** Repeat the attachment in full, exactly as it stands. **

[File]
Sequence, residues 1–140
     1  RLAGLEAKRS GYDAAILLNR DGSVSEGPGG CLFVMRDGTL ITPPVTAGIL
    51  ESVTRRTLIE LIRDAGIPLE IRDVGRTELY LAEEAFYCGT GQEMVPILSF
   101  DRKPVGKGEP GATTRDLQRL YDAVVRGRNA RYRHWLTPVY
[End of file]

Sequence, residues 1–140
     1  RLAGLEAKRS GYDAAILLNR DGSVSEGPGG CLFVMRDGTL ITPPVTAGIL
    51  ESVTRRTLIE LIRDAGIPLE IRDVGRTELY LAEEAFYCGT GQEMVPILSF
   101  DRKPVGKGEP GATTRDLQRL YDAVVRGRNA RYRHWLTPVY